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Classical Mechanics - Homework Assignment 10

Alejandro Gomez Espinosa

December 5, 2012
Goldstein, Ch.10, 6 A charged particle is constrained to move in a plane under the inuence of a central
force potential (nonelectromagnetic) V =
1
2
kr
2
, and a constant magnetic eld B perpendicular to the
plane, so that
A =
1
2
Br
Set up the Hamilton-Jacobi equation for Hamiltons characteristic function in plane polar coordinates.
Separate the equation and reduce it to quadratures. Discuss the motion if the canonical momentum p

is zero at time t = 0.
Let us start with the potential energy due to the constant magnetic eld. We can write down A
explicitly:
A =
1
2
Br =
1
2
(B z) (x x + y y + z z) =
B
2
(x y y x)
Then, the potential due to this eld is given by:
V
B
=
q
c
( r A)
=
qB
2c
( yx xy)
=
qB
2c
((r cos )( r sin + r

cos ) (r sin )( r cos r

sin ))
=
qB
2c
r
2

(1)
Hence, the Lagrangian of this system in planar polar coordinates is:
L =
m
2
( r
2
+ r
2

2
) +
qB
2c
r
2


1
2
kr
2
(2)
Let us use (2) to found the Hamiltonian of the system:
p
r
=
L
r
= m r r =
p
r
m
p

=
L

= mr
2

+
qBr
2
2c


=
p

mr
2

qB
2mc

gomez@physics.rutgers.edu
1
H = p
r
r + p


L
= m r
2
+ mr
2

2
+
qBr
2

2c

m
2
( r
2
+ r
2

2
)
qB
2c
r
2

+
1
2
kr
2
=
m
2
( r
2
+ r
2

2
) +
1
2
kr
2
=
m
2
_
_
p
r
m
_
2
+ r
2
_
p

mr
2

qB
2mc
_
2
_
+
1
2
kr
2
=
p
2
r
2m
+
1
2mr
2
_
p

qBr
2
2c
_
2
+
1
2
kr
2
Now, using the Hamilton-Jacobi formalism:
H
_
q
1
, ..., q
n
,
S
q
1
, ...,
S
q
n
_
+
S
t
= 0
where our old momenta are p
i
=
S
q
k
. Therefore:
1
2m
_
S
r
_
2
+
1
2mr
2
_
S


qBr
2
2c
_
2
+
1
2
kr
2

S
t
= 0 (3)
From equation (1) is easy to see that is a cyclic coordinate, i.e., p

must be constant. In addition, as


our system is conservative, the energy must also be a constant. Thus, the function S has to have the
form S = W(r, E, ) + Et according to eq. (10.38). Now, equation (3) can be written as:
1
2m
_
W
r
_
2
+
1
2mr
2
_

qBr
2
2c
_
2
+
1
2
kr
2
= E (4)
where we can solve for W:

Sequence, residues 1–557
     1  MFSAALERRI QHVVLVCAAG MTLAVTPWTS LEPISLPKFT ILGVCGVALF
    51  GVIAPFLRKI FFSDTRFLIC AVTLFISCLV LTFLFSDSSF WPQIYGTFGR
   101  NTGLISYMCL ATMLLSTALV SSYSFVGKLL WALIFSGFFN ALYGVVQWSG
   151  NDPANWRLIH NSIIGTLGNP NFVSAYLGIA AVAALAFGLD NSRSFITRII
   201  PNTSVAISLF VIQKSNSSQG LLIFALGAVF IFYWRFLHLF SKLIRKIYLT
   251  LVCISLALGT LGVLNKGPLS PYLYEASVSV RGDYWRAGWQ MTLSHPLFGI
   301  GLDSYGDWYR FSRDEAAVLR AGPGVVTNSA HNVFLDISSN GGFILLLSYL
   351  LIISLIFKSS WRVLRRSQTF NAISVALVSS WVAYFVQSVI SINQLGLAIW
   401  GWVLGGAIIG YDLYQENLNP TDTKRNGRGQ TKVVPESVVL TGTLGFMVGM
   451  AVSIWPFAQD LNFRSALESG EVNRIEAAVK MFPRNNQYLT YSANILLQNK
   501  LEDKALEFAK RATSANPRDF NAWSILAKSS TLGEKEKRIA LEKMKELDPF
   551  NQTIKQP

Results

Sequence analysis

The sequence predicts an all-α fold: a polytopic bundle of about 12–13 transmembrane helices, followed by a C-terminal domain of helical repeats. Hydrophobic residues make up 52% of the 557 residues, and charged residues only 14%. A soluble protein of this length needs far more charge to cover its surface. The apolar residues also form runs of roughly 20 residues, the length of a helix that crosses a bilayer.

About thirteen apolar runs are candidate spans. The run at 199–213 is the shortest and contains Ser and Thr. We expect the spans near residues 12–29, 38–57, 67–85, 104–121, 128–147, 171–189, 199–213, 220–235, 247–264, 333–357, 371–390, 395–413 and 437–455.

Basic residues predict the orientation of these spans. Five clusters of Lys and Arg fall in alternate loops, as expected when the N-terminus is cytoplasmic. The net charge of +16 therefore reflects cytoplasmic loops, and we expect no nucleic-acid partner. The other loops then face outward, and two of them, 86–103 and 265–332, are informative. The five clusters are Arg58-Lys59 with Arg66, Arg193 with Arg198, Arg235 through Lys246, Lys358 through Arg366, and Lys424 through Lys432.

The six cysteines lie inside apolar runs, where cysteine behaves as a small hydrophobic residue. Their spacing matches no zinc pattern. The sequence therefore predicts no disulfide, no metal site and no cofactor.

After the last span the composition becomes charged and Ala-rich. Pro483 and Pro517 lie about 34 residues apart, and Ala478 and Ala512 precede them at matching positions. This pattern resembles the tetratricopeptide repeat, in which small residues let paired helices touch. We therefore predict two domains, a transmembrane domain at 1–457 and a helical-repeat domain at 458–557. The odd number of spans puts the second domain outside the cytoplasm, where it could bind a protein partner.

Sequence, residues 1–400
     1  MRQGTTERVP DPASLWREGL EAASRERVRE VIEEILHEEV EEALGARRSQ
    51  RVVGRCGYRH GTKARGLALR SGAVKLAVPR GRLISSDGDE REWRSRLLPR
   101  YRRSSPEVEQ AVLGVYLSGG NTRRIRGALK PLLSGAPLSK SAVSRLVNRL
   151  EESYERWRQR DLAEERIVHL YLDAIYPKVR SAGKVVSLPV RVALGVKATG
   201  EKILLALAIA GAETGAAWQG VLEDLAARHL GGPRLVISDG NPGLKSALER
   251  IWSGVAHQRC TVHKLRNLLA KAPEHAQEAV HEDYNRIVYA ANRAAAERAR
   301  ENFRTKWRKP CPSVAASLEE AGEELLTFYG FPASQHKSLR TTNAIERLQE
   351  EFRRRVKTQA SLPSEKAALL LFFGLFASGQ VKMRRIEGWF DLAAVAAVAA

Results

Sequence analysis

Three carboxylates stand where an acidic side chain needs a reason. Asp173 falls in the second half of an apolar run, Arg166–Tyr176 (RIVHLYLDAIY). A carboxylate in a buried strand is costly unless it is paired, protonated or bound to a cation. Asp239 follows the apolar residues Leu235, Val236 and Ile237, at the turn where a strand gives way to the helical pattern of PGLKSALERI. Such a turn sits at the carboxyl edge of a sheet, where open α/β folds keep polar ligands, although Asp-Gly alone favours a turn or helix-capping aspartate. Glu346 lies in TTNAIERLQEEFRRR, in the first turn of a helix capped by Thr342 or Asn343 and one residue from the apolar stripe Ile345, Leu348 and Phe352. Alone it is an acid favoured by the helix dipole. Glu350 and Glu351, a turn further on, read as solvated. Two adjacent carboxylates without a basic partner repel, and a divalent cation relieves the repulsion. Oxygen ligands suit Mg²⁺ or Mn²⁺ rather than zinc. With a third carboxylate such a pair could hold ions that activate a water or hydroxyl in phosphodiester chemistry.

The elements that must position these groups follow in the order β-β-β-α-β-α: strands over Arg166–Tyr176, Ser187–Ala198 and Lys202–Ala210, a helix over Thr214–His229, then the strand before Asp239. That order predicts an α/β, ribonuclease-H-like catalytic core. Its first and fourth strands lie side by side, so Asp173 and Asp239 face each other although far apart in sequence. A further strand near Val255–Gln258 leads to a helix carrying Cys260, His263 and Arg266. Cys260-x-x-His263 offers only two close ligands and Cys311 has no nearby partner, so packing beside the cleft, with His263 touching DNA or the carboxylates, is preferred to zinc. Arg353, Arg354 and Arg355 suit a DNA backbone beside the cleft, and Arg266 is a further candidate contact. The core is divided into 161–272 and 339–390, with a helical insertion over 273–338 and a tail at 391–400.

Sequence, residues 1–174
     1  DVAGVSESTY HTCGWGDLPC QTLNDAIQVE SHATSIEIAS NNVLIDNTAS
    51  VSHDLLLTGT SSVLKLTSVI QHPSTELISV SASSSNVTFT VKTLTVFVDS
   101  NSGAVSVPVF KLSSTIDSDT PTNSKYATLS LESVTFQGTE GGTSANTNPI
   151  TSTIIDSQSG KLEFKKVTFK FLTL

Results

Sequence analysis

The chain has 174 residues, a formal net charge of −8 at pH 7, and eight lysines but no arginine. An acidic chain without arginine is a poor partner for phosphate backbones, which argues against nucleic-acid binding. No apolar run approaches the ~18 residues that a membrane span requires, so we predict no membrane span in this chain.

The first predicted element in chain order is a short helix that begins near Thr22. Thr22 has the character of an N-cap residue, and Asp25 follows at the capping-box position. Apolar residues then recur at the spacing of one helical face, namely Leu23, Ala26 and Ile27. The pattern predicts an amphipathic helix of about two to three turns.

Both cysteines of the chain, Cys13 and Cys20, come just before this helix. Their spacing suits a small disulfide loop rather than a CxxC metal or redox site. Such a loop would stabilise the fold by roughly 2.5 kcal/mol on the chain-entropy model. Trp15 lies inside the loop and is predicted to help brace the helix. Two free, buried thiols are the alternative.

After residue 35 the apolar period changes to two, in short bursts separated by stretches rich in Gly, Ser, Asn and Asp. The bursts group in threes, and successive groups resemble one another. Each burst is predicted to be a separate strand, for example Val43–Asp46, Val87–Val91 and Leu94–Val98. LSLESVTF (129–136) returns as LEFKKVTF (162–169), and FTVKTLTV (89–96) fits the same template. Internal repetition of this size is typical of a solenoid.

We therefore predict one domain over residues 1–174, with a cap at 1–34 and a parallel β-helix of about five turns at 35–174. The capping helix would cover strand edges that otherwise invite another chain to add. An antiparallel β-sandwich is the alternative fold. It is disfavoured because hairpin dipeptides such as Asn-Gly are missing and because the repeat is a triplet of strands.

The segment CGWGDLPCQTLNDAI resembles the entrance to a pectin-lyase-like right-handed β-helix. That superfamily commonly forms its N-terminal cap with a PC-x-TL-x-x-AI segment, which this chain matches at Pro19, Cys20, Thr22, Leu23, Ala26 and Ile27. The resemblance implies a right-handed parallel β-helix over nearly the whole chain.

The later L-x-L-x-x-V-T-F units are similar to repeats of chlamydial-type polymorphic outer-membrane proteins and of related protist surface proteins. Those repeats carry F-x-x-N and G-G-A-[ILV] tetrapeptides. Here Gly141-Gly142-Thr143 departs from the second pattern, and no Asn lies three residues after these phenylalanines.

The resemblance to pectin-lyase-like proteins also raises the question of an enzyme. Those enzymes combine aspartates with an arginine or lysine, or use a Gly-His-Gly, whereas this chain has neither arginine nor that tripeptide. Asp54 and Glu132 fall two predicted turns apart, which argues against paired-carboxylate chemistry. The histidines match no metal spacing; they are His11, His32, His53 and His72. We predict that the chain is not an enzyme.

W =
_
dr

2mE mkr
2

1
r
2
_

qBr
2
2c
_
2
(5)
and S:
S =
_
dr

2mE mkr
2

1
r
2
_

qBr
2
2c
_
2
+ Et (6)
Since at t = 0, the canonical momentum is zero, i.e., = 0, and equation (5) becomes:
W =
_
dr
_
2mE mkr
2

qBr
2
2c
=

2mE
_
dr

1
_
k
2E

qBr
4mEc
_
r
2
that is similar to equation (10.22) for the simple harmonic oscillator, where we can think about the
term inside the parenthesis as the frequency of the particle due to the nonelectromagnetic potential
and the constant magnetic eld.
2
Goldstein, Ch.10, 7 (a) A single particle moves in space under a conservative potential. Set up the
Hamilton-Jacobi equation in ellipsoidal coordinates u, v, dened in terms of the usual cylindrical
coordinates r, z, by the equations
r = a sinh v sin u, z = a cosh v cos u
For what forms of V (u, v, ) is the equation separable?
Let us start with the kinetic energy in polar coordinates:
T =
m
2
_
r
2
+ r
2

2
+ z
2
_
(7)
where r and z in terms of ellipsoidal coordinates described above are:
r = a cosh v sin u v + a sinh v cos u u
z = a sinh v cos u v a cosh v sin u u
Plugging this velocities and the coordinates into equation (7):
T =
m
2
_
(a cosh v sin u v + a sinh v cos u u)
2
+ r
2

2
+ (a sinh v cos u v a cosh v sin u u)
2
_
=
m
2
_
a
2
cosh
2
v sin
2
u v
2
+ a
2
sinh
2
v cos
2
u u
2
+ r
2

2
+ a
2
sinh
2
v cos
2
u v
2
+ a
2
cosh
2
v sin
2
u u
2
+ r
2

2
_
=
m
2
_
a
2
cosh
2
v sin
2
u( v
2
+ u
2
) + a
2
sinh
2
v cos
2
u( u
2
+ v
2
) + a
2
sinh
2
v sin
2
u

2
_
=
ma
2
2
_
( v
2
+ u
2
)((1 + sinh
2
v) sin
2
u + sinh
2
v cos
2
u) + sinh
2
v sin
2
u

2
_
=
ma
2
2
(( v
2
+ u
2
)(sin
2
u + sinh
2
v) + sinh
2
v sin
2
u

2
)
The Lagrangian for this system can now be written as:
L =
ma
2
2
(( v
2
+ u
2
)(sin
2
u + sinh
2
v) + sinh
2
v sin
2
u

2
) V (u, v, ) (8)
Hence, the momenta are:
p
v
=
L
v
= ma
2
(sin
2
u + sinh
2
v) v
2
p
u
=
L
u
= ma
2
(sin
2
u + sinh
2
v) u
2
p

=
L

= ma
2
sin
2
usinh
2
v v
and the Hamiltonian is given by:
H =
p
2
v
2ma
2
(sin
2
u + sinh
2
v)
+
p
2
u
2ma
2
(sin
2
u + sinh
2
v)
+
p
2

2ma
2
sin
2
usinh
2
v
+ V (u, v, )
In the Hamilton-Jacobi formulation, the function S would be S = W
u
+ W
v
+ W

Et, and the


Hamilton-Jacobi equation is:
_
Wu
u
_
2
2ma
2
(sin
2
u + sinh
2
v)
+
_
Wv
v
_
2
2ma
2
(sin
2
u + sinh
2
v)
+
_
W

_
2
2ma
2
sin
2
usinh
2
v
+ V (u, v, ) = E (9)
3
Let us nd out the way to make equation (9) separable:
1
2ma
2
_
W
u
u
_
2
+
1
2ma
2
_
W
v
v
_
2
+
(sin
2
u + sinh
2
v)
2ma
2
sin
2
usinh
2
v
_
W

_
2
+V (sin
2
u+sinh
2
v) = E(sin
2
u+sinh
2
v)
1
2ma
2
_
W
u
u
_
2
+
1
2ma
2
_
W
v
v
_
2
+
1
2ma
2
_
1
sin
2
u
+
1
sinh
2
v
__
W

_
2
+V (sin
2
u+sinh
2
v) = E(....)